Super Mario Kart Prototype Rebuilt from Gigaleak Files
A programmer has rebuilt a November 1991 Super Mario Kart prototype by using last year’s Nintendo Gigaleak files — and this version of the game has a pretty cool track editor.
As VGC reports, “Super Mario Kart Hacker guy” MrL314 spent the better part of nine months tinkering with the files and using his knowledge in an attempt to rebuild an early prototype of this classic kart racing game using files from last year’s Nintendo Gigaleak. Now, he’s finally released a playable version to the world.
How the Super Mario Kart Prototype Was Rebuilt from Nintendo Gigaleak Files
Recreating the Super Mario Kart prototype was no easy task — the associated Nintendo Gigaleak files wouldn’t even launch in a playable state. That wasn’t about to stop MrL314, though.
“A lot of work has been put into a Python script that repairs the game into a visually working state,” read the project’s page on The Cutting Room Floor wiki. “Research has also been done as to how to make the repair the most historically accurate, however, not everything can be guaranteed to be 100% accurate on all accounts.”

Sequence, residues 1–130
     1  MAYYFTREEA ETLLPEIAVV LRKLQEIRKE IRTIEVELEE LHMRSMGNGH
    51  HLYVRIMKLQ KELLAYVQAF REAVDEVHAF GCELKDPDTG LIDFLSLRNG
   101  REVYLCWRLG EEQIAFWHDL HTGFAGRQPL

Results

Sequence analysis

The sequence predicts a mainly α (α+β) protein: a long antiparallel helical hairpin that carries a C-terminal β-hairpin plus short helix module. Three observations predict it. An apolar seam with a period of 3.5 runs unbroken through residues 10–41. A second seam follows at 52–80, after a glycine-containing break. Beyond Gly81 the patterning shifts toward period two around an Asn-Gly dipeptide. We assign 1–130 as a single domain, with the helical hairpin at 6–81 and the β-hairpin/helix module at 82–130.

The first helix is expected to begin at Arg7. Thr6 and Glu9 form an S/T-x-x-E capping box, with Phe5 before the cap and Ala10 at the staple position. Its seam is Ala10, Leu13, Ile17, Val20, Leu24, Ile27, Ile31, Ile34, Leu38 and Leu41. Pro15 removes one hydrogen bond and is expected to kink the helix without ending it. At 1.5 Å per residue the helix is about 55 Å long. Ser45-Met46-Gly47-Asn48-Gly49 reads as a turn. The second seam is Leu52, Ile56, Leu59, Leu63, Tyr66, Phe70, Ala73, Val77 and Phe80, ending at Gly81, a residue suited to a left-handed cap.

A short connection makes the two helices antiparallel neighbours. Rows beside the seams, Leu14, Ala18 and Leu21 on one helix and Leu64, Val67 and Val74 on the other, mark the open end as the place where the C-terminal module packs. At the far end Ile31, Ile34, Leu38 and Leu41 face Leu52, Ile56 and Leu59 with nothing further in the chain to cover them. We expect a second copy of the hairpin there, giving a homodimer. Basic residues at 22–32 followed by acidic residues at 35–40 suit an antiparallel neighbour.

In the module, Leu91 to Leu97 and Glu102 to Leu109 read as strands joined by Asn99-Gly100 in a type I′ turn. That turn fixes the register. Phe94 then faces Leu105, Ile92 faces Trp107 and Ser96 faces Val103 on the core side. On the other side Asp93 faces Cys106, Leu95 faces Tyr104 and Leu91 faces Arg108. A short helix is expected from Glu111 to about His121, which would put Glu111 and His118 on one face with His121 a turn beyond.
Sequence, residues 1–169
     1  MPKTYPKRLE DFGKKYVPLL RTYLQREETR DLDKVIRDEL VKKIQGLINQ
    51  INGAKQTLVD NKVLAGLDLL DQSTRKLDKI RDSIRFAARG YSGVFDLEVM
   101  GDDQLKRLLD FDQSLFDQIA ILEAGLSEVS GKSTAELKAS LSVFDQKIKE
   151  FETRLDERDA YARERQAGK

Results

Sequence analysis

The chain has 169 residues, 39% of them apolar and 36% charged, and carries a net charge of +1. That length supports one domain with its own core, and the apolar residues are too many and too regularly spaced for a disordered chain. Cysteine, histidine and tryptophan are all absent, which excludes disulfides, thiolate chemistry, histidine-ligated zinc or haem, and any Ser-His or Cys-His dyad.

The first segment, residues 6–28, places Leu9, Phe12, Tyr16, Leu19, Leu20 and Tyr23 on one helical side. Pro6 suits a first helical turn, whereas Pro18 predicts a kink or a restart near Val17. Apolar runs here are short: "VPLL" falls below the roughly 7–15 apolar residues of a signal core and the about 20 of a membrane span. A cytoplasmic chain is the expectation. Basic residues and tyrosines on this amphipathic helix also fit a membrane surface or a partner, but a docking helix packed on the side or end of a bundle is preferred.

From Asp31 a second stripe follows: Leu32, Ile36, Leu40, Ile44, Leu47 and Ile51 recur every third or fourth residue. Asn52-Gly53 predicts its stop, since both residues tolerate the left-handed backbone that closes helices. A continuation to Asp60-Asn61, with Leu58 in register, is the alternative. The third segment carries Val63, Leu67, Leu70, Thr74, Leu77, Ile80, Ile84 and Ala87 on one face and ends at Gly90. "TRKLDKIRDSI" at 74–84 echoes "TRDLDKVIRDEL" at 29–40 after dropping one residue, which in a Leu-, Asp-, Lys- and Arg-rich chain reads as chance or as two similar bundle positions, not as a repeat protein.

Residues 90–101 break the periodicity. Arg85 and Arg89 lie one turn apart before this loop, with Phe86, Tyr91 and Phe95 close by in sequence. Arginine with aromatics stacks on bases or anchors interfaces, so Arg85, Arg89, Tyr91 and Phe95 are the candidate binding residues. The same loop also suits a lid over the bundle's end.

One of the most obvious differences is the inclusion of a track editor. Super Mario Kart is a pretty old game, so it’s no surprise that there are quite a few fan projects (such as Epic Edit) that already allow gamers to make their own custom tracks.
Another interesting inclusion is the “Gun Mode” — an apparent early prototype of a Battle System that allows players to shoot projectiles at one another. This game mode likely evolved into the “Balloon Battles” that players know and love today.
As impressive as this Super Mario Kart prototype is, it’s still missing quite a few important features. There’s no drifting or hopping, coins and lives are not implemented, and some items (such as Lightning and Boo) are not yet working. Critical features such as the AI’s ability to use items are not yet implemented, either.
Going forward, MrL314 says that he’ll be finishing up some smaller projects while figuring out what he’d like to tackle next. You can find out more about this prototype on its GitHub page, but be warned — you’re going to need to do a little work to get it running.
What do you think of this early Super Mario Kart prototype? Would you have liked to play Gun Mode instead of Balloon Battle? Let us know in the comments below!